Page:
Joe Valley 31:15
Yeah, I was thinking more about landing pages or pricing on your product and color variation, things of that nature. I guess more pricing if somebody changed their pricing or, you know, tested free shipping versus 895, that
Robert Giovannini 31:28
kind of stuff. Thank you, I think your markets dictating that more than what you’re going to do. I mean, if your home markets offering free shipping, and you’re not, yeah, yeah, no chances are you You are losing something unless people are loyal to you. Right? And then which case the free shipping is, you know, the shipping may be irrelevant. I wouldn’t want to give up margin before I really explored some of these other things.
Joe Valley 31:54
Gotcha. Talk to me about the typical IronPlane client, how do you guys work with size, shape, color of you know, products in SAS content, ecommerce, tell me about your clients and how you guys work with.
Robert Giovannini 32:07
So they tend not to be industry specific, as much as I’ve always tried over the years to be very specific to a vertical, you know, people come to us. And so I think they tend to be one of two major camps camp one is an owner operator, they’ve built their business, they may have been on other platforms before Magento, or they’re on Magento, chances are, there’s been an issue and they need to fix, they’re not happy either with their agency, the relationship fail, or the site has never worked the way they expect it, likely corners were cut. And so those who are rescued, they come in and they’re there. And we have to do a lot of building of trust. I mean, as an agency, we’re kinda like the car mechanics of the world, you know, it takes a long time for you to come to, at least for me to come to trust my car mechanical, mostly because I don’t know a lot about cars. I’m a woodworker, I don’t know anything about engines and things like this, right. And so I think a lot of folks who are owner operators don’t know a lot about the underpinnings of a website, and they just assume that it’s always gonna be expensive, and they don’t, it’s a black box. So a lot of what these people are doing is looking for somebody they can come to trust, and that has the business side. For it, you know, the floor. And this is why I think we’re a little bit different. I came out of business, I didn’t come out of coding and development. And so when I’m talking to them, it’s like, what do you what do we, what’s our goal here, business wise. And then let’s back into that, because there’s always various technological solutions, but really the technologies to fall by the wayside. So the owner operators, common their sides of business, if they they’ve been in E commerce, they can be a startup, because they know what they’re getting into. But typically, they’re at least 5 million a year. And I’d say it’s a broad range. But you know, up to 100 million a year, we’ve got some far bigger, we got some far smaller, the ones that get below a million, chances are an agency is going to be too much for them to bring on and manage the website, depending on their margins and what they’re doing, how fast they’re growing. And they probably necessarily unless they’re growing quickly, Magento. And tools like that are going to be expensive to maintain, you gotta have a real definitive business case to go there. The other side of the equation is i is typically your larger, let’s say, your distributors, your manufacturers, that got complex products, they’re probably selling in multiple markets, direct to consumer, they’re selling to distributors, they probably have sales reps, the omni channel, if you will, and and usually then we’re working sometimes with the ownership, but usually it’s the tech, the CTO and the technology side, or it’s the marketing side, depending on who has ownership of the website. And those companies tend to be if they’re not bigger than 100 million or 50 million. Their complexity is there. They’ve got bigger ERP systems and other channels and everything else to kind of talk to each other. And they also be compliance needs.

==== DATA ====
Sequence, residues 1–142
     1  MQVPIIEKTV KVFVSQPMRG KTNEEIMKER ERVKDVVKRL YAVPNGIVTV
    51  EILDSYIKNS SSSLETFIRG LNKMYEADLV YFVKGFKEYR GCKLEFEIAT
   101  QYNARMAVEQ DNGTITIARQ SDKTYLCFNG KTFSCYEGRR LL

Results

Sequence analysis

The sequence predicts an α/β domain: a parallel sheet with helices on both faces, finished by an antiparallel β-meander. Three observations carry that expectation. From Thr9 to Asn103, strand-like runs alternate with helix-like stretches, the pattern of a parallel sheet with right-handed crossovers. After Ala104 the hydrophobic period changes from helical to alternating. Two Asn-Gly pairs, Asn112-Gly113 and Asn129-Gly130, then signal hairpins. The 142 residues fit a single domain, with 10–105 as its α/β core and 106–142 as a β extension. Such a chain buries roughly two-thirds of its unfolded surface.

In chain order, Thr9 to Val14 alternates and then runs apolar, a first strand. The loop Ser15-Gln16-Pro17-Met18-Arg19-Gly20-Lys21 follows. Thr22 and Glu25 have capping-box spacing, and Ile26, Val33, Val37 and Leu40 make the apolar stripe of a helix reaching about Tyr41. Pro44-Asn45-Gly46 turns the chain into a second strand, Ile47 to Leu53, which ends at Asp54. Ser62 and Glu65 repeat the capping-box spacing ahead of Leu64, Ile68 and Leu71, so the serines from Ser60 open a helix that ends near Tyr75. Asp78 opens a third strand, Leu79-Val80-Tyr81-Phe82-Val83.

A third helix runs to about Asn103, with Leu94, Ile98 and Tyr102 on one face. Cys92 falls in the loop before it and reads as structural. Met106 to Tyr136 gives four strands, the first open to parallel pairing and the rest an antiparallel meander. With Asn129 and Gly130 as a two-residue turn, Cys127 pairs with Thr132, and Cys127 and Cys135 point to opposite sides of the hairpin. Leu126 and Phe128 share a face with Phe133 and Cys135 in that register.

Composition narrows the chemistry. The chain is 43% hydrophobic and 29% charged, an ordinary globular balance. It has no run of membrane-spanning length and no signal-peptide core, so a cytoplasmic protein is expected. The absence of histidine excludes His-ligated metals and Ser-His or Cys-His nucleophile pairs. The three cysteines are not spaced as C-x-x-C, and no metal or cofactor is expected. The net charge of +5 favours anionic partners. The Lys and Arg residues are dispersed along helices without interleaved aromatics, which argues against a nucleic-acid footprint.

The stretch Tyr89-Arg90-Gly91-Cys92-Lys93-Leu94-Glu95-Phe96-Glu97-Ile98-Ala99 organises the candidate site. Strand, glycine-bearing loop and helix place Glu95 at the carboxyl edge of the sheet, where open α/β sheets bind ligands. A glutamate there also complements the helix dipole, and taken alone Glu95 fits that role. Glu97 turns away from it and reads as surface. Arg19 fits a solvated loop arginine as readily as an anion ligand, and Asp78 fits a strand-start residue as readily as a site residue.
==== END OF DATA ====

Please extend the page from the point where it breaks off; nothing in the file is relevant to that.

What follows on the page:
Joe Valley 34:54
Oh, yes, compliance very important, of course. Yeah. Well, that’s coming that’s coming more and more To play with the larger transactions that we’re working with, there always seems to be compliance people on the on the private equity side, never used to be that, you know, four one $2 million transactions. It’s very aiming
Robert Giovannini 35:14
over a million. We’re seeing our website.
Joe Valley 35:17
Very interesting. Robert, how do folks how to folks get in touch with you? How do they reach out to you and connect?
Robert Giovannini 35:26
Certainly, I’m playing.com They can find me on LinkedIn, I’m always happy to continue the conversation. Whether you’re just starting an E commerce, you’ve been around, you got some ideas. I love talking about this stuff. And then frankly, we have shaping e commerce with IronPlane, which is our new podcast and YouTube channel where we all have our folks who’ve been with me for years and years and years, they’re a lot smarter than I am. And they just talk about these issues. And so you can get a sense, you know, just real people talking about in depth.
Joe Valley 35:55
Fantastic. Any last thoughts, any last bits of advice you want to give people that may be moving, let’s say off of Amazon, or in addition to Amazon, they’re moving on to build their own sites, any last minute thoughts or recommendations want to get them?
Robert Giovannini 36:09
Well, directions, do it. You’ve got this product, you’ve got this business, leverage it fully. I mean, that’s, that’s where the multiples come in. And so if you’re already selling on Amazon, get your own site, go in and get into all the other channels, social channels and everything else you can get them into. And likewise, if you’ve got a D to C site, no reason why you shouldn’t be on Amazon, and everywhere else.
Joe Valley 36:29
Excellent. Excellent. Robert. I was almost gonna pronounce it wrong. Giovannini I got that wrong. Good night.
Robert Giovannini 36:38
You got it. All right over Giovannini
Joe Valley 36:40
tell you what I just terrible with this stuff. I write it down. For folks listening. I always ask the question how to pronounce it. And I wrote it down. I did joven Giovannini in my chicken scratch, so I pronounced it that way. Anyway, I got it. I got it. All right. From IronPlane. Thanks so much for your time. I appreciate it. We’ll chat soon. Thank you appreciate.
today’s podcast was produced by Rise25 and the Quiet Light content team. If you have a suggestion for a future podcast, subject or guest, email us at [email protected]. Be sure to follow us on YouTube, Facebook, LinkedIn, Twitter and Instagram, and subscribe to the show wherever you get your podcasts. Thanks for listening. We’ll see you next week.